Rangasthala and Muddenahalli

Date: 28th September 2009. A Monday. Auspicious occasion of Vijayadashami.

This being the first post in this blog, I suppose I need to give you some background on us before proceeding to the actual post. We live in Bangalore, India. Traveling around Bangalore on weekends is something I dearly love to do. There are many a gems located hidden and unknown to the typical ‘tourist’ or for that matter even localites don’t necessarily know them! Many of these places have their own charm, not to mention importance! It gives me great thrill to visit such places! This blog is an attempt to make the larger populace aware of these gems and provide my 2 pence of information on these lovely gems. The words you see here are (mostly) mine and the pictures you will see are (mostly) by my husband Nagesh.

On this particular date, we embarked on a small little trip to Rangasthala and Muddenahalli. 2 relatively unknown places in the district of Chikkaballapur which neighbors Bangalore on the north.

We found some excellent information on Alemaari’s blog on a trip he had undertaken to these very places. Armed with this, we set out for Rangasthala. Not too early in the morning mind you… given my lazy husband we managed to leave only around 11:30 in the morning :)

The road to Rangasthala is via Chikkaballapur. From Bangalore take the NH 7, aka Bellary Road, past the Bangalore International Airport (BIAL) to Chikkaballapur. Within Chikkaballapur take the left next to the bus stand. This is the State highway leading to Gauribidanur. The immediate next village on this road is 5km away and at the end of this village you will find an arch on the right side for Ranaganatha Swamy temple. Follow this road to this lovely temple, built in the Vijayanagar style. However, so called ‘renovation’ has taken its toll on this lovely monument. Given his disappointment at the renovation on the main entrance, my husband was not even willing to post the snap of the front. The snap here is from the side. You can take a look at what ‘used to be’ on Alemaari’s blog.

Ranganathaswamy temple at Rangasthala

A lovely snap of Lord Ranganatha with Sreedevi and Bhoodevi.
Lord Ranganatha with Sreedevi and Bhoodevi

The area around Rangasthala is littered with lush green fields as far as the eye can see and many a floral field among them!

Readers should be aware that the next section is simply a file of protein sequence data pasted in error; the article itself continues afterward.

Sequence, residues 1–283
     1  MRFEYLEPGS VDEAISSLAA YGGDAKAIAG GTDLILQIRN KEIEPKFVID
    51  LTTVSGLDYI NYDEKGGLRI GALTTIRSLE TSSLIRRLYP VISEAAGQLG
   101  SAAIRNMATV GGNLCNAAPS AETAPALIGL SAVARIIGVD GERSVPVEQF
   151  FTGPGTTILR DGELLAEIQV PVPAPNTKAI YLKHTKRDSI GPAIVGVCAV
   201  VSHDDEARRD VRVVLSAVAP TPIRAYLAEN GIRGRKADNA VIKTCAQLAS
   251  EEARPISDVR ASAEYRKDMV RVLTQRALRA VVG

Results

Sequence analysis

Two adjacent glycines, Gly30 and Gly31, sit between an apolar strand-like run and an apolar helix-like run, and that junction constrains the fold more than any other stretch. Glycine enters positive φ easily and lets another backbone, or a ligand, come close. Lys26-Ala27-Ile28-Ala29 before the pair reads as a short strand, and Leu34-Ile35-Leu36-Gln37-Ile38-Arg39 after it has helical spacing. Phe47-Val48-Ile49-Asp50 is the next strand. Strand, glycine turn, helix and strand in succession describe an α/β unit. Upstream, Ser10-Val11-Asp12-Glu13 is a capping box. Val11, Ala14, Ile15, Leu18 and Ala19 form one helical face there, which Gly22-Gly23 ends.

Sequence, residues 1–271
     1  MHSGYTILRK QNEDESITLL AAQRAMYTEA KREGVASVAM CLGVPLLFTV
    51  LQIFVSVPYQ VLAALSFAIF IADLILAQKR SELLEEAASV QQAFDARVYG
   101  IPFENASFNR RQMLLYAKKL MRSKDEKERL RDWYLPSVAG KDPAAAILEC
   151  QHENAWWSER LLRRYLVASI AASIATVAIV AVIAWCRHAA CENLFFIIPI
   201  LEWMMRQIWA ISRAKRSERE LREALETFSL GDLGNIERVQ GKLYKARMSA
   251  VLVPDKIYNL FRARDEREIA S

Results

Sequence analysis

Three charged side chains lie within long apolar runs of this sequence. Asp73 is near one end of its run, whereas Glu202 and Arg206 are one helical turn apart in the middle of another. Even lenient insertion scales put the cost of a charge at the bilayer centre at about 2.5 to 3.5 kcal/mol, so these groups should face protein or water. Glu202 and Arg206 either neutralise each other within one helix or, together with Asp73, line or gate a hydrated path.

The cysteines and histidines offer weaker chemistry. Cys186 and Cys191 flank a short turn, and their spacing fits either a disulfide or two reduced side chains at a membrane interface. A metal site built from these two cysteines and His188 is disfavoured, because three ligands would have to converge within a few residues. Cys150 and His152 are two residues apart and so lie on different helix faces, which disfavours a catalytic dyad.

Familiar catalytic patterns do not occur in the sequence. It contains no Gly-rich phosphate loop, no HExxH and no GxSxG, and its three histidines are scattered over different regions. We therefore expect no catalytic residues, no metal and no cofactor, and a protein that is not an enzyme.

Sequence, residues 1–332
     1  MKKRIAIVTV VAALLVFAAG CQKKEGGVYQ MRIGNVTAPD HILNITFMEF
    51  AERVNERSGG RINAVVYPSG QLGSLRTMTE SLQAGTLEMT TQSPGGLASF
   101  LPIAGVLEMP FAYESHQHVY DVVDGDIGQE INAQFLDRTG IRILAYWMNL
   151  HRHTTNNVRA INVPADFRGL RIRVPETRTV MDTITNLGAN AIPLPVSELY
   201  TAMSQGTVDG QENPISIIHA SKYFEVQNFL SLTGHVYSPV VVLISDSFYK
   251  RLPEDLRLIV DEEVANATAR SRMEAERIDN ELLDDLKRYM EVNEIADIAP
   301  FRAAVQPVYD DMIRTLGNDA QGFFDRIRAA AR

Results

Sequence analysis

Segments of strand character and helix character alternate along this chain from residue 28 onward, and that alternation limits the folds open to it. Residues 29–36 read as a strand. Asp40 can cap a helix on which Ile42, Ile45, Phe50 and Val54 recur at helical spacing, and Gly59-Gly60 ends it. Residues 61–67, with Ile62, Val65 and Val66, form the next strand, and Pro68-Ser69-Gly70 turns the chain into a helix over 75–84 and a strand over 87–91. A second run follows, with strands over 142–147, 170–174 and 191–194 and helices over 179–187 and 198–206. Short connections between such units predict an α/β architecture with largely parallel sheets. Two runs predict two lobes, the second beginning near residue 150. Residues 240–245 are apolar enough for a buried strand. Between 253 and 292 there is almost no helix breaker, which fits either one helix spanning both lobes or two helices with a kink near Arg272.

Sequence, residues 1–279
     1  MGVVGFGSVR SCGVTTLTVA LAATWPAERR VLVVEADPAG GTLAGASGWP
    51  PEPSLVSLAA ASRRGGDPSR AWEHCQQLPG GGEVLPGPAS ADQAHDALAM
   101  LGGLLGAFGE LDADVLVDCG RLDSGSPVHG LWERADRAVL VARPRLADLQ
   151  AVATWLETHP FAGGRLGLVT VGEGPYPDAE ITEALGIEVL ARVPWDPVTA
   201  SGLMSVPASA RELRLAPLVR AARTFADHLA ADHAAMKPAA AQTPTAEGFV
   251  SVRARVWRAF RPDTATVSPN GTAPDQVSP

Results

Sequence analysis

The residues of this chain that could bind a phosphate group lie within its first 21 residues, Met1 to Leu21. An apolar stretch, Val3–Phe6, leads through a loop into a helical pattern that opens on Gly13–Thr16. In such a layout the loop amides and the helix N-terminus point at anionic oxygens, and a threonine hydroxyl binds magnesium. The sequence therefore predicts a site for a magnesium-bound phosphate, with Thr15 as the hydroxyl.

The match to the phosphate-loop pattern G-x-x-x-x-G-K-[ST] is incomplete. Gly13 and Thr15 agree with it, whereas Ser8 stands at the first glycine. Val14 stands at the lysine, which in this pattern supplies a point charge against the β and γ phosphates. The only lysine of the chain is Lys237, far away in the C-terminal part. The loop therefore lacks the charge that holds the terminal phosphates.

Flowers in a field near Rangasthala

Post Rangasthala, we had lunch in Chikkaballapur. Important information for anyone heading out to in and around Chikkaballapur. There are nearly no restaurants which are worthwhile. We ate at Shanti Sagar, which is on the left hand side just while you enter Chikkaballapur when coming from Bangalore. Pretty decent. On an earlier trip we had eaten at a ramshackle ‘Sai Palace Hotel’ and had found the experience eminently forgettable!

Given that it was around 2 in the afternoon, we decided to head further to neighboring Muddenahalli. Muddenahalli’s claim to fame is that this is the quaint little village where Bharatratna Sir M Visweswaraiah (fondly called Sir MV) was born! Possibly the greatest Engineer ever from India! His birthday which falls on September 15th is celebrated as Engineers Day in India. For the two of us, being engineers, Muddenahalli was a must see given that there is a museum dedicated to Sir MV there. The museum is situated right next to his ancestral home.

Sir MV's house in Muddenahalli

There is a memorial dedicated to Sir MV a little further away. Set amidst pristine surroundings, the memorial is within a lovely little park which has been well maintained.

A memorial to Sir MV at Muddenahalli

We decided to head back home after spending some time there. On the way back, as we approached Devanahalli (known more for BIAL), our attention was caught by a seemingly well maintained fort. To our amazement we found that this was the Devanahalli Fort. This is the birth place of Tipu Sultan, popularly known as the ‘Tiger of Mysore’. Given the already overcast skies and our general lack of knowledge about the fort, we decided to just have a peek at what lay within…. to return some other day for a more detailed visit :)

Devanahalli fort - inside view

After this we started back home and reached by 4.30 in time for a cup of coffee :)

Map of Rangasthala and Muddenahalli on Google Maps

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1 Response to Rangasthala and Muddenahalli

  1. Pingback: Lepakshi « Travels without plans

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